Cherry Springs Dark Sky Park
Dark Sky Places Traveling Fellowship Part 3
Thanks to the Winston Churchill Memorial Trust, I have received a traveling fellowship to visit all of the International Dark Sky Places in North America between 22 August and 03 October 2011. This series of blog posts will detail my visit to each of these very dark places.
Cherry Springs Dark Sky Park
Cherry Springs State Park sits in rural Pennsylvania, in the middle of the 1000 square kilometre Susquehannock State Forest, 700m above sea level, and as such is very dark indeed. Much of the park was built by members of the Civilian Conservation Corps during the great depression of the 1930s, and over the years it has gained fame amongst Pennsylvania residents as one of their most popular parks.
My visit was arranged by Chip Harrison, the park operations manager, who first stumbled upon the idea of a dark sky park back in 1997. While patrolling the park late one night he chanced upon an astronomer, Gary Honis, who had set his scope up in what is now the astronomy field. Rather than ask him to leave (parks close at sunset) Chip asked him why he’d come to that specific site, and Gary told him that, using a light pollution map of the eastern US, this spot was the very darkest place he could find.
Inspired by this, Chip worked with astronomers to protect those dark skies, and in 2000 Pennsylvania named it a dark sky park, the designation became more formal in 2007 when it was declared as the world’s second International Dark Sky Park by the IDA.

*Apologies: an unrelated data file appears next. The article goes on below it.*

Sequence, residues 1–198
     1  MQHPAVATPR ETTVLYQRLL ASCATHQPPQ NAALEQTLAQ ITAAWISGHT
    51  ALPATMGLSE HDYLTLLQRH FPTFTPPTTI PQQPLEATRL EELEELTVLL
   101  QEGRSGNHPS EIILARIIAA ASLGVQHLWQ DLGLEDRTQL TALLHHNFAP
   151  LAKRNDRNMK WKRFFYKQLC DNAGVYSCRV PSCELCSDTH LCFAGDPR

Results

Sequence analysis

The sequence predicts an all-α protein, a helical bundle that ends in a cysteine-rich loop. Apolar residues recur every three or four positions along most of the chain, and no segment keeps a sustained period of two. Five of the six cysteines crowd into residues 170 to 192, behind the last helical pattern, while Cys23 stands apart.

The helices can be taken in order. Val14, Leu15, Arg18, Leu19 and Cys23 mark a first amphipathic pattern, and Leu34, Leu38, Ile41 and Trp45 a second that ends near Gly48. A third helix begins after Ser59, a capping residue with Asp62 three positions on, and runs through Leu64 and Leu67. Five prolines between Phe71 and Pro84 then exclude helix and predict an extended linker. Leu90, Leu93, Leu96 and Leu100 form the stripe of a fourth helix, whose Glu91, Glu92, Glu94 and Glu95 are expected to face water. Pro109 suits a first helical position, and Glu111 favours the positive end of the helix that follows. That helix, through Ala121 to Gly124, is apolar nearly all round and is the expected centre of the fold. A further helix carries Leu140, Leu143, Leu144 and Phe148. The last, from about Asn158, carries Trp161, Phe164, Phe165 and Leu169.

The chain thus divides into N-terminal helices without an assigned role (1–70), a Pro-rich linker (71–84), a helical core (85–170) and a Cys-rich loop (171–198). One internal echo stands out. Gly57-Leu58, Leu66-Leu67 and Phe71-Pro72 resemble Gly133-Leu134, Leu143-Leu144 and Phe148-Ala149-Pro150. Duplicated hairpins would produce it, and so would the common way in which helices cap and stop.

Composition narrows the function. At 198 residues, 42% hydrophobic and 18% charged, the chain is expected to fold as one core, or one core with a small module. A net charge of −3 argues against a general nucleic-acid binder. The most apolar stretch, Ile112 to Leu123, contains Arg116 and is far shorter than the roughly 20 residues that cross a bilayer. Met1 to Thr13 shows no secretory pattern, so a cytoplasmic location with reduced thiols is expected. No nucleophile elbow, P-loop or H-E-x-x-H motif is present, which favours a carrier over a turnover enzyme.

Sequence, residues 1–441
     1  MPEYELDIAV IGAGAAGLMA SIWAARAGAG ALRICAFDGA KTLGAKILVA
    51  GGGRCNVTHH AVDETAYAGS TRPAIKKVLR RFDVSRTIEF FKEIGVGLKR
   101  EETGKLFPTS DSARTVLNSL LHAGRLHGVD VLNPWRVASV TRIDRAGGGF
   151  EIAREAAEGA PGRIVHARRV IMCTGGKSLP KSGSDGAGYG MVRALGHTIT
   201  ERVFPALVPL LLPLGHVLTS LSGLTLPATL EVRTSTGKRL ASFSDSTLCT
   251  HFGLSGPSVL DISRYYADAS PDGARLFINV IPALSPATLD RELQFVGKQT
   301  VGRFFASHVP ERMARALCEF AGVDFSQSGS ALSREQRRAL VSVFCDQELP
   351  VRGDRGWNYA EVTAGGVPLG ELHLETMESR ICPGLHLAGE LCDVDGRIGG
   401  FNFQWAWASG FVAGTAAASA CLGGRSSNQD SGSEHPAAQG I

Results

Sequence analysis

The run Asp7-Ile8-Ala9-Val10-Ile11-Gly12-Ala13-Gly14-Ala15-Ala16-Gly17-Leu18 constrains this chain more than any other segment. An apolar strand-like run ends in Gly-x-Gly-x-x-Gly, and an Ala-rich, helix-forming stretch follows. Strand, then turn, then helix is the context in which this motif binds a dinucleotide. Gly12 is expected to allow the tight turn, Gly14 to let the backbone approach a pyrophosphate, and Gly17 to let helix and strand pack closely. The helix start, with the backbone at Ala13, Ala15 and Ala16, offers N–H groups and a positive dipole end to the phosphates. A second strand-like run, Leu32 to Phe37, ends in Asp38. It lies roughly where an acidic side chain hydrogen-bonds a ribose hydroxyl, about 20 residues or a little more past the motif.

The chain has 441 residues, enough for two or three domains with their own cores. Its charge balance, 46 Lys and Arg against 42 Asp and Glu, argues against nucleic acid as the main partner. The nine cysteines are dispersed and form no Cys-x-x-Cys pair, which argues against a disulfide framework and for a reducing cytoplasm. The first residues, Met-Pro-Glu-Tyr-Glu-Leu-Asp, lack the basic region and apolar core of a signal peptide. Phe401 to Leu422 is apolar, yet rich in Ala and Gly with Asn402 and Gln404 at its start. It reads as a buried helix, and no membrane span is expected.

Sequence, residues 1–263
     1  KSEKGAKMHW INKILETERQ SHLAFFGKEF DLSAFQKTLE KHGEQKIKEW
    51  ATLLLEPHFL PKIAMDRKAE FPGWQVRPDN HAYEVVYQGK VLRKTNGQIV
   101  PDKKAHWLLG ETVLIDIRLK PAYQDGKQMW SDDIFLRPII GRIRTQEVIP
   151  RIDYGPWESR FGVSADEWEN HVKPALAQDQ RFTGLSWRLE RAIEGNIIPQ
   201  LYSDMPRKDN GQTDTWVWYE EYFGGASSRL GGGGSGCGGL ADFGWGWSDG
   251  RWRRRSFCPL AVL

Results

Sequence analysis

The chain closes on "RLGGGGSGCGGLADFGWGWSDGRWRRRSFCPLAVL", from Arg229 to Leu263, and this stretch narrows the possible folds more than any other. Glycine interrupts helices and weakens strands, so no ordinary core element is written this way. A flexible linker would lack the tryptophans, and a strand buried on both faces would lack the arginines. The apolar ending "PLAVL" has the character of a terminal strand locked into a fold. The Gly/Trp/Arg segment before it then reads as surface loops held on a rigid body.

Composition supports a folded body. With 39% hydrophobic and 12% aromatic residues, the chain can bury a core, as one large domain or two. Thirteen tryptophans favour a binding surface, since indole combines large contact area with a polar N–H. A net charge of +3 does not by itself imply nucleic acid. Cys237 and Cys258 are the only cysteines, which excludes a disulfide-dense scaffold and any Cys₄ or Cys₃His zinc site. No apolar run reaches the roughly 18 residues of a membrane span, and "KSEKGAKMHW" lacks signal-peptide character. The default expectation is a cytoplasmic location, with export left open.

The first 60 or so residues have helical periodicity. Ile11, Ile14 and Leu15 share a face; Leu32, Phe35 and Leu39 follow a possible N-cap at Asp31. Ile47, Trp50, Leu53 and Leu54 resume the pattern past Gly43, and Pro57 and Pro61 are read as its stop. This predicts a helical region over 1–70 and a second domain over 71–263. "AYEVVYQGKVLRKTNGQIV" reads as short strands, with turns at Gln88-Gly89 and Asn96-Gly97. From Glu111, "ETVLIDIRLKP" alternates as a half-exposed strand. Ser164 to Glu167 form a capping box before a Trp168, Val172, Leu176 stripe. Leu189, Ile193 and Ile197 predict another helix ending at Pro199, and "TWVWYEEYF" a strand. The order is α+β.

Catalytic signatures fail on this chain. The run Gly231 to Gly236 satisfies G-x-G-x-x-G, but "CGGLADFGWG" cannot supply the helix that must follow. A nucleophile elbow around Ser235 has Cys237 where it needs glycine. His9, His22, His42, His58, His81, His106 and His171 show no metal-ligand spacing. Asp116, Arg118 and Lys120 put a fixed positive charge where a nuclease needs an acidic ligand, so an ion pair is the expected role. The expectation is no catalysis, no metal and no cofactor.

The astronomy field now sports electric hook-up sites, rentable telescope domes, landscaping and tree planting to block headlights, and attracts thousands of astronomers each year, most of them during two major star parties: the Black Forest Star Party, sponsored by the Central Pennsylvania Observers of State College since 1999; and the Cherry Springs Star Party, sponsored by the Astronomical Society of Harrisburg since 2005.
I arrived at the park just days after the Black Forest Star party closed, but there were some astronomers still on the field, and it was a delight to meet them, including Gary Honis, whom Chip had first met 14 years ago.
The local community seems to relish their unique status, with restaurants and hotels displaying “astronomers welcome” signs, but perhaps the most impressive work has been done by the Cherry Springs Dark Sky Fund, headed up by Chip’s wife Maxine. They work on fundraising through private donations and to date have received tens of thousands of dollars worth of money, much from visiting amateur astronomers, which has allowed them to develop the astronomy field, as well as a public stargazing field across the road where weekly stargazing sessions are held on Friday and Saturday nights.
These astronomy nights are hosted by park ranger Greg, who’s enthusiasm is evident. Just recently they had 500+ people turn up for one of these evenings, far more than they could cope with, but which demonstrates the need for such a programme.
The night I spent stargazing there was a little hazy, and the SQM read 21.4, but I have been assured that they regularly get readings as dark as 21.9, with a naked-eye limiting magnitude of 7.2.